Vertikal, however, thrums and vibrates with a new life and presents a remarkable progression of textures, from light and ethereal ambient moments to vast and crushing crescendos.
Isis and Neurosis are the easiest bands to compare Cult of Luna to, with their gradually evolving sound structures that spin their own gravity, accreting sonic mass as their go, building through repetition in great elliptical orbits, breaking down and reforming.
On Vertikal, however, the most immediate parallels that leap to mind are Pelican, for their ability to combine intelligent artfulness with genuine surprise, and Old Man Gloom, for their willingness to delve into to deeper reaches of squalling alienation for the right emotional impact. Vertikal feels but careful and dangerous, precise and in constant danger of breaking open and swallowing itself whole.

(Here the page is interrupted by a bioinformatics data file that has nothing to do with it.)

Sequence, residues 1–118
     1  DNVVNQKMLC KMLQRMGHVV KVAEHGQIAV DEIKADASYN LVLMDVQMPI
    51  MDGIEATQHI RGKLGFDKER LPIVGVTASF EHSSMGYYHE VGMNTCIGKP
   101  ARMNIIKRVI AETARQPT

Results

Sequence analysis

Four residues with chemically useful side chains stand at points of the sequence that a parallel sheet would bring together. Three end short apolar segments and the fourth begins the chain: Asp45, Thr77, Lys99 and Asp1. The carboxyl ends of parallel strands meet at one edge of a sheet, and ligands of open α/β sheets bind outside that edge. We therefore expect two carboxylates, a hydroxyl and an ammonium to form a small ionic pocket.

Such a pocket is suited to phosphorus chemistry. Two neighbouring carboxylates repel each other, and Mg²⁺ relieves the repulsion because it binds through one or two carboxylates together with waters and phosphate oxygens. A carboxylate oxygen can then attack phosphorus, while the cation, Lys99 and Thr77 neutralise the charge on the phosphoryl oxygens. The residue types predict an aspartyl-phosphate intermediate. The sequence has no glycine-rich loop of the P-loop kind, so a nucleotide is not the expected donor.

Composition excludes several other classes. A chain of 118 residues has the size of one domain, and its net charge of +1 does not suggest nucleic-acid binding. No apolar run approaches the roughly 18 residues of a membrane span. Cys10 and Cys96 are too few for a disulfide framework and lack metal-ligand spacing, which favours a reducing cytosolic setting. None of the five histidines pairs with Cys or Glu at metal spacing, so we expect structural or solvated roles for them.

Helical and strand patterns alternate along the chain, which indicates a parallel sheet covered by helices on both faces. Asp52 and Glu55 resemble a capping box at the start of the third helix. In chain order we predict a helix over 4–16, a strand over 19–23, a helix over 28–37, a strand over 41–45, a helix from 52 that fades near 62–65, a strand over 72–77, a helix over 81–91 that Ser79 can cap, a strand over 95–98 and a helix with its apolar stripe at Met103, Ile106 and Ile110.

Vertikal is based on Fritz Lang's 1927 cinematic masterpiece Metropolis, less in terms of narrative but more in the tone and the texture. Vertikal is a new dream of a dystopian future, one that can be seen much more clearly as the present races to catch up with a once fictional future.
“Mute Departure” Is a close and trapped piece, one that seems to express the claustrophobia of a single cog in the machine, eternally trapped by its shape and role; “In Awe Of” is almost Victorian in its melancholy and melodic longing, but always the emotional is tempered by the technical, the desperate dreams of somnambulant robots.
Vertikal is a challenging and extraordinary album, complex and aching. Like a great city that is also a machine, it has moments of great beauty, technical wonder and a deep, gaping pit of cost and loss. Cult of Luna have created a wondrous musical engine.
(released January 29, 2013 on Density Records)